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Publication numberUS20030152721 A1
Publication typeApplication
Application numberUS 10/055,073
Publication dateAug 14, 2003
Filing dateJan 23, 2002
Priority dateJan 26, 2001
Also published asDE10103716C1, DE10103716C5, DE50206607D1, EP1226959A2, EP1226959A3, EP1226959B1, EP1226959B2, US6855382
Publication number055073, 10055073, US 2003/0152721 A1, US 2003/152721 A1, US 20030152721 A1, US 20030152721A1, US 2003152721 A1, US 2003152721A1, US-A1-20030152721, US-A1-2003152721, US2003/0152721A1, US2003/152721A1, US20030152721 A1, US20030152721A1, US2003152721 A1, US2003152721A1
InventorsRichard Barcock, Alastair Dodds, Aidan Lavery, Marguerite Quinn
Original AssigneeBarcock Richard Anthony, Dodds Alastair Stuart, Lavery Aidan Joseph, Quinn Marguerite Claire
Export CitationBiBTeX, EndNote, RefMan
External Links: USPTO, USPTO Assignment, Espacenet
Porous ink-jet recording material
US 20030152721 A1
Abstract
An ink-jet recording material comprising a support material and at least a lower and an upper pigment-containing layer wherein the pigment of the upper layer is present in two particle size distributions (A, B) and one particle size distribution (A) is in the range of 10 to 100 nm and the other particle size distribution (B) is in the range of 1,000 to 3,000 nm, and wherein the pigment of the upper layer is different from the pigment of the lower layer and wherein the average particle size of the pigment of the upper layer is different from the average particle size of the pigment of the lower layer.
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Claims(12)
What we claims is:
1. An ink-jet recording material comprising a support material and at least a lower and an upper pigment containing layer wherein the pigment of the upper layer is present in two particle size distributions (A,B), particle size distribution (A) is in the range of 10 to 100 nm, and the other particle size distribution (B) is in the range of 1,000 to 3,000, and wherein the pigment of the upper layer is different from the pigment of the lower layer and the average particle size of the pigment of the upper layer is different from the average particle size of the pigment of the lower layer.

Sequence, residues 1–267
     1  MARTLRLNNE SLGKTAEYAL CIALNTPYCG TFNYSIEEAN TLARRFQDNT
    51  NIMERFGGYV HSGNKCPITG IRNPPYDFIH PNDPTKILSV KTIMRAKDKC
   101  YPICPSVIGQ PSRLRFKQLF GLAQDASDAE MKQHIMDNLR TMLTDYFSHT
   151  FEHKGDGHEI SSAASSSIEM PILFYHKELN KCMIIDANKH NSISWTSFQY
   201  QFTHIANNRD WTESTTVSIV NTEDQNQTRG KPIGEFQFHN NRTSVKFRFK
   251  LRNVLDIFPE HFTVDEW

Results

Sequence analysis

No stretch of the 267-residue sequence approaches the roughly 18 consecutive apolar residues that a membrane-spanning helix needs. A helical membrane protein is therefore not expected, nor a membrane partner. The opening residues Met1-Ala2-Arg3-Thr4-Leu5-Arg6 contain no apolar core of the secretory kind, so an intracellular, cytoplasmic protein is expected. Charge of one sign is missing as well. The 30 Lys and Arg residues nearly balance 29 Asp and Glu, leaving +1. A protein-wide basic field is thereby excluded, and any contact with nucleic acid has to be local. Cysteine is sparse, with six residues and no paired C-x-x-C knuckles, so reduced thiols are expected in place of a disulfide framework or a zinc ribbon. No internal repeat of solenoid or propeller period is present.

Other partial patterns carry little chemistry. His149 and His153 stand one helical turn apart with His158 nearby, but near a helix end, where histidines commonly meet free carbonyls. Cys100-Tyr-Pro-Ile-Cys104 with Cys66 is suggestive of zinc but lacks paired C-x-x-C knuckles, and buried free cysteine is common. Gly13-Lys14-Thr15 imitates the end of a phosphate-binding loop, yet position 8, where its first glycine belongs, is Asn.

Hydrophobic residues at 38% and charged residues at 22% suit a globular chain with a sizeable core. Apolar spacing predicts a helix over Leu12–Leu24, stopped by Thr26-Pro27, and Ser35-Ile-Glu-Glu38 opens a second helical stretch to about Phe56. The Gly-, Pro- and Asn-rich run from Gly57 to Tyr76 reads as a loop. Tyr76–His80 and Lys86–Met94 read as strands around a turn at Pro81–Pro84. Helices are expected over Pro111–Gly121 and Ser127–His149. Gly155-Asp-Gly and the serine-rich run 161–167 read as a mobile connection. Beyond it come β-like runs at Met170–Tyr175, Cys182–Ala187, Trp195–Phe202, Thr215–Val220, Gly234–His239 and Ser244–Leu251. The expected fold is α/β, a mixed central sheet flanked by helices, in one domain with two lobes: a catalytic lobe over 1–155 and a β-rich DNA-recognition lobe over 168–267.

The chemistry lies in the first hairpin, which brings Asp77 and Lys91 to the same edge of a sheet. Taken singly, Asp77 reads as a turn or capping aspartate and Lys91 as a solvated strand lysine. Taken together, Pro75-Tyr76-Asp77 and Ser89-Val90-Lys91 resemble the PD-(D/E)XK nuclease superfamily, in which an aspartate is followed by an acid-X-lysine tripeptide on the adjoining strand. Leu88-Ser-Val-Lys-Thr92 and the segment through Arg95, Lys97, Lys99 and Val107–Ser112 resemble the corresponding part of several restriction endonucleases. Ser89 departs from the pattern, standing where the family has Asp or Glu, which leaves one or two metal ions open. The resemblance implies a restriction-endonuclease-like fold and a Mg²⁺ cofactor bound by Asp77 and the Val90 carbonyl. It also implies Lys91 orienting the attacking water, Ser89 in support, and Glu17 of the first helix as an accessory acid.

2. An ink-jet recording material according to claim 1, wherein the weight ratio of A:B is 8:1 to 20:1.
3. An ink-jet recording material according to claim 1, wherein the pigment of the upper layer is based on alumina and is mainly amorphous.
4. An ink-jet recording material according to claim 1, wherein the particle size distribution of the pigment of the lower layer is in the range of 150 to 1,000 nm.
5. An ink-jet recording material according to claim 2, wherein the particle size distribution of the pigment of the lower layer is in the range of 150 to 1,000 nm.
6. An ink-jet recording material according to claim 3, wherein the particle size distribution of the pigment of the lower layer is in the range of 150 to 1,000 nm.
7. An ink-jet recording material according to claim 1, wherein the pigment of the lower layer is based on silica and is amorphous.
8. An ink-jet recording material according to claim 4, wherein the pigment of the lower layer is based on silica and is amorphous.
9. An ink-jet recording material according to claim 8, wherein the pigment of the lower layer is cationically modified.
10. An ink-jet recording material according to claim 1, wherein a cross-linking agent containing layer is provided between the lower and the upper layer.